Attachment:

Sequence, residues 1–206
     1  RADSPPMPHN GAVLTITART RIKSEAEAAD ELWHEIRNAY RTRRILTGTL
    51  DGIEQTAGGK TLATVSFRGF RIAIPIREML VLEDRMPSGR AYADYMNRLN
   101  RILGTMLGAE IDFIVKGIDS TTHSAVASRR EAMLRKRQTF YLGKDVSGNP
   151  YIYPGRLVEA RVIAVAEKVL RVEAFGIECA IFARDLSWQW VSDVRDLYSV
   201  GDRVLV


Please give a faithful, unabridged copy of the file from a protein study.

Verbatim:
Sequence, residues 1–206
     1  RADSPPMPHN GAVLTITART RIKSEAEAAD ELWHEIRNAY RTRRILTGTL
    51  DGIEQTAGGK TLATVSFRGF RIAIPIREML VLEDRMPSGR AYADYMNRLN
   101  RILGTMLGAE IDFIVKGIDS TTHSAVASRR EAMLRKRQTF YLGKDVSGNP
   151  YIYPGRLVEA RVIAVAEKVL RVEAFGIECA IFARDLSWQW VSDVRDLYSV
   201  GDRVLV